Ask Brit: How Do I Organize Recipes Online?
Categories: Tech

Ask Brit: How Do I Organize Recipes Online?

Keeping your digital life—from bills to passwords to travel arrangements—organized is hard enough, and organizing your recipes online seems to present a special challenge. Ideally, it would be easy to keep them all online and searchable, but the question is, where do you do that? We’ve given some suggestions before (which you can read here) but it’s time for an update. In this latest edition of Ask Brit we tackle the question: What are the best apps or online tools to organize recipes? Here are our top eight picks.

1. One tsp.: If you’re looking for something that’s pretty basic, start with One tsp. You can manually type in (or copy and paste) your recipes into the system, or you can use their bookmarklet to clip recipes from the web. It’s very straightforward. The feature we like about One tsp. is the integrated shopping list. If you plan to make a recipe you’ve saved, log in to the site and add that recipe to your shopping list, along with anything else you might need. Then at the grocery store, you can pull up the mobile site and easily cross off each item as you pick it up. You won’t discover new recipes with this site, but you can keep everything organized and searchable.

2. ZipList: We’ve told you about ZipList before, but it was worth including again. More full-featured and user-friendly than One tsp., the concept behind the site is basically the same. You can save recipes via the web clipper or upload them into your profile. Ziplist also has native iPhone and Android apps instead of just a mobile site. And their shopping list is organized by aisle in the grocery store, meaning you’re less like to forget something and have to backtrack. The final selling point for ZipList is their partner program. You’ve probably seen many of your favorite blogs with ZipList formatted recipes. That means you won’t have to go back and format the recipes you save to fit ZipList. And anything that saves time is a win in our book.

3. Kitchen Monki: The big difference with Kitchen Monki, and what made us give it a second look, is the fact that it integrates a calendar into the site. Meaning not only can you save your favorite recipes, but you can also use the site to plan out your meals, which we always say we’re going to do, but never seem to! Like ZipList, Kitchen Monki also separates your shopping list by aisle, and you can text it to yourself or view the mobile-friendly version on your smartphone.

4. Paprika ($5-$20): If you really love to cook and are willing to invest in organizing your recipes, our pick is Paprika. It’s a desktop or mobile app that feels a bit like Evernote (which we’ll get to in a minute), but is solely focused on organizing your recipes. The benefit to that is they spent time figuring out the formatting for the recipes and the filing system. You can customize a lot of it, but because it’s so recipe focused, you might not need to. The other thing we like about Paprika is the built-in browser. You don’t have to add another bookmarklet to your normal browser this way. Instead, you can search for recipes and keep them organized all within the app. The mobile app also has a great shopping list that you can check off on the go. But our favorite part about it is that it combines ingredients. For example, if you have two recipes with eggs, it will total the number of eggs you need in both recipes. Saving you from having to do any math while at the store.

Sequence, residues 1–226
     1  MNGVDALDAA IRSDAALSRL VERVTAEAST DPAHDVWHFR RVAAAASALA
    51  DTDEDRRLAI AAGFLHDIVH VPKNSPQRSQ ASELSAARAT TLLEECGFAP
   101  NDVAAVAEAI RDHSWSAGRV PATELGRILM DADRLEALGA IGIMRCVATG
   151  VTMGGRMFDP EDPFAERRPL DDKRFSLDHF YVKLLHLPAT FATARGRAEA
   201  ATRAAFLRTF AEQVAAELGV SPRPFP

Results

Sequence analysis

5. The Recipe Box ($4): The one major drawback to this app is that it is for iOS devices only. There’s no web version for browsing or adding recipes, but it still has a lot of features that we love. First, it formats your recipes for you. You can copy and paste into the app and when you save it, it formats each part—ingredients, instructions, etc.—automatically. But it’s most useful when you’re actually cooking. It walks you through the recipe step-by-step and helps you keep your place by highlighting the current step and graying out ingredients you’ve already used. The iPhone app is helpful for the shopping list, but it doesn’t offer anything that the other apps don’t.

6. Evernote: You know we love Evernote! This app makes it easy to organize recipes into notebooks with their web clipper. They also have an app called Evernote Food  Not only will it help you organize your recipes using the same functionality as Evernote, but it also helps you keep lists of restaurants and add photos of your food—both the recipes you make at home and your favorite dishes you try while eating out. We love that it all syncs to one account so you can access it anywhere.

7. Foodily: We’ve also talked about Foodily before here, but they’ve made some major updates to the site and app, including the ability to add your own recipes, which was our number one feature request. They also now have better discovery of new recipes complete with some of our favorite food bloggers and magazines. While it won’t help you while you’re actually cooking the recipe—you’ll have to go to the website the recipe came from for that—it is a great way to organize your favorite recipes. They have a robust tagging system that makes it easy to find new foods to try based on ones you already like.

8. Pinterest  This one should come as no surprise, but Pinterest can be a great way to bookmark recipes if you’re smart about how you organize them. We recommend creating two food boards—”Recipes to Try” and “Recipes I’ve Tried.” That way you can keep track of any notes you want to about the recipes that you’ve made. Also, now that you can search just your own pins, you won’t need to scroll through all your boards to find the one you’re looking for.

Which of these systems do you use? If you have another favorite, share the URL in the form below!